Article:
Comptroller Kevin Lembo Archive > NewsCOMPTROLLER LEMBO PRAISES LABOR COMMITTEE FOR BIPARTISAN VOTE TO ADVANCE A PUBLIC OPTION TO EXPAND QUALITY HEALTH CARE AND FUEL ECONOMIC GROWTH
Comptroller Kevin Lembo commended the legislature’s Labor and Public Employees Committee for its bipartisan support to advance legislation this week that would expand affordable and quality health care to private-sector workers, particularly those working at small businesses.
The bill was passed nearly unanimously with broad and bipartisan support. Lembo praised the committee leadership, particularly the co-chairs, Sen. Julie Kushner and Rep. Robyn Porter, as well as committee vice chairs, Sen. Catherine Osten and Rep. Joshua Malik Hall. Lembo also praised Rep. David Rutigliano and Rep. Richard Smith for their support and recognition of the pressures facing Connecticut’s small businesses.
Senate Bill 1004, An Act Concerning Public Insurance Options for Small Business Employees will allow Lembo, as administrator of the state health plan, to extend the quality and affordable benefits of the state plan to small businesses.
“Connecticut’s economic future – and the good of its workforce – demands access to affordable quality health care, plain and simple,” Lembo said. “Workers are rightfully looking for employers that offer quality health care, and we have an opportunity to help businesses do so affordably.
“I am so grateful for the leadership of the Labor Committee, and all of its members who recognized – across party lines – that our small businesses need relief and our workforce needs access to quality and affordable care.”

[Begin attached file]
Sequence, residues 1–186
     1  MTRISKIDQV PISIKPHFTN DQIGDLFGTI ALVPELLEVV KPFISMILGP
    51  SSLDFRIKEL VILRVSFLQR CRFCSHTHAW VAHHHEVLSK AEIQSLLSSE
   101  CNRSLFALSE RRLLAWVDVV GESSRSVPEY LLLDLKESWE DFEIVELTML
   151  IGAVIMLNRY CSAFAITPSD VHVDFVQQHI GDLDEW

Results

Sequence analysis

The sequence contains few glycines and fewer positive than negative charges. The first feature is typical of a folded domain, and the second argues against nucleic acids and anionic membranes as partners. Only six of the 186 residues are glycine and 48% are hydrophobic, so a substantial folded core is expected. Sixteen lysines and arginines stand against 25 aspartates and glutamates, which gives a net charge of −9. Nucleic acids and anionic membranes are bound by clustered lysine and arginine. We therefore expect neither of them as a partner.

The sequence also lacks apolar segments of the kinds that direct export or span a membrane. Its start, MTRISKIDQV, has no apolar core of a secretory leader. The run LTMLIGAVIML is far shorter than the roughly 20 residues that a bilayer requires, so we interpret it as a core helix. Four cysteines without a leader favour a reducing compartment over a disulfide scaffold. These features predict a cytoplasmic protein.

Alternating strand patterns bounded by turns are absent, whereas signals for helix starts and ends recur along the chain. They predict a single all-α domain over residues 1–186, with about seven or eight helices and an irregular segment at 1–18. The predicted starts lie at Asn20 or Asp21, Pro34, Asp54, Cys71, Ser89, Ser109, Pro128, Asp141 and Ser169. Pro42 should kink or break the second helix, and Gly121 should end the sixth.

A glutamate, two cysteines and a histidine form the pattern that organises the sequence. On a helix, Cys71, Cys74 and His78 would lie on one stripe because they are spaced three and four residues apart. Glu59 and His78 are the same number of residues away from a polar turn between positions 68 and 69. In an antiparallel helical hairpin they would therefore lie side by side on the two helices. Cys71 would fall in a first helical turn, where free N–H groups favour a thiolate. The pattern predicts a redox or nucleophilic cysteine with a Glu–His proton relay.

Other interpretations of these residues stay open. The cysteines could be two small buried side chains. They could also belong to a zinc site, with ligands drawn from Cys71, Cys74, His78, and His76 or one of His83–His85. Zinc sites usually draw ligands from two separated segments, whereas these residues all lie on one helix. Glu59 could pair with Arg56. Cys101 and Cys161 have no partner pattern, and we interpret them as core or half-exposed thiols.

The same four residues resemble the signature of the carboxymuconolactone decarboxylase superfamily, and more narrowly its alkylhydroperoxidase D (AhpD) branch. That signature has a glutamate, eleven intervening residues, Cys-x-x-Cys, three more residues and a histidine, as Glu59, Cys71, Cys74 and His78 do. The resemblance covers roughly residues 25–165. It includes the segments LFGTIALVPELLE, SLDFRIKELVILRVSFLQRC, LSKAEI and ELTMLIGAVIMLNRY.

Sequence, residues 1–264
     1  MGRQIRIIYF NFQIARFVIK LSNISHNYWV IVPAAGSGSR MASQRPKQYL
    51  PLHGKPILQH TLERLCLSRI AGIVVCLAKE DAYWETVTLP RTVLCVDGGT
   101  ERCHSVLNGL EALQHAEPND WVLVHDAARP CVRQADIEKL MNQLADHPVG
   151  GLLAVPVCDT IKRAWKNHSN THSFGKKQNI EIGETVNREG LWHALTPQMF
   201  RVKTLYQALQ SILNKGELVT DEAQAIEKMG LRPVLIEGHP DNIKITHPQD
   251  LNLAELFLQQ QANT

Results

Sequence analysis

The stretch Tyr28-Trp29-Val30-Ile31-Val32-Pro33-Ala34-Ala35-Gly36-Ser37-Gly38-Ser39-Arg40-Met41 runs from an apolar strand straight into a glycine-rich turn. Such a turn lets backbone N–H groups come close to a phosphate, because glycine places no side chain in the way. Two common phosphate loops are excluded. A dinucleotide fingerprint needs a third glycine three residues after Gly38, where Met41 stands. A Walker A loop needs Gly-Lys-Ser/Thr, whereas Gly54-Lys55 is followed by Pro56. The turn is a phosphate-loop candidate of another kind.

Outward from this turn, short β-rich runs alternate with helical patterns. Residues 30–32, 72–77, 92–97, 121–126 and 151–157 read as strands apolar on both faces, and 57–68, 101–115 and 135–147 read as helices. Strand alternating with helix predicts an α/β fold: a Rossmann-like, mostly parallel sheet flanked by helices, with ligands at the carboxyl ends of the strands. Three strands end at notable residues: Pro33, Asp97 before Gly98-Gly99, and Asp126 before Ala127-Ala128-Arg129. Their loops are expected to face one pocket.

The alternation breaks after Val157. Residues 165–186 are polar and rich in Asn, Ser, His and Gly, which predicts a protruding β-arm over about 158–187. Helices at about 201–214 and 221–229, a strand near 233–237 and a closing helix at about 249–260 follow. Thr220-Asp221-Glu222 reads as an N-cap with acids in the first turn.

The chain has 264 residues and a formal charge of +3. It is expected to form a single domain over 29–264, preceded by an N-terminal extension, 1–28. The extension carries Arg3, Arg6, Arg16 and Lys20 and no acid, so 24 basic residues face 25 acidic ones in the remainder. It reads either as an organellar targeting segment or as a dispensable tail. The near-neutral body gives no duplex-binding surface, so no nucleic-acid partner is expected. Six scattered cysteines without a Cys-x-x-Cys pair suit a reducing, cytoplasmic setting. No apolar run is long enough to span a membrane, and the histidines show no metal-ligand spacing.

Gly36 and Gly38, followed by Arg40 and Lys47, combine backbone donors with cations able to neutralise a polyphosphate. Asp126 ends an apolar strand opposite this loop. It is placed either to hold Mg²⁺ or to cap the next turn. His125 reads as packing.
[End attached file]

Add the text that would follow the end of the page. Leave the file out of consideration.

Lembo said that Connecticut small businesses employ over 700,000 people – almost half the state’s workforce – and yet less than half of small businesses offer health insurance benefits to their employees, a 25-percent decline since 2010, according to the Employee Benefit Research Institute (EBRI). Lembo said this is particularly of concern for Connecticut’s economic future because the EBRI has found that 82 percent of employees say that health insurance is ‘very’ or ‘extremely important’ when choosing to stay with their current company versus searching for a new job.
“How can our state possibly achieve economic growth if its small employers struggle to provide quality affordable basic health care to employees?” Lembo said. “For the sake of economic growth – and for the basic wellbeing of Connecticut residents – this must be a priority.”
Under Lembo’s administration, the state health plan has benefited from below-average cost trends when compared to the broader commercial market. Deploying a state-administered public option, first to small employers, would allow the state to extend its purchasing power to help businesses and propel economic growth.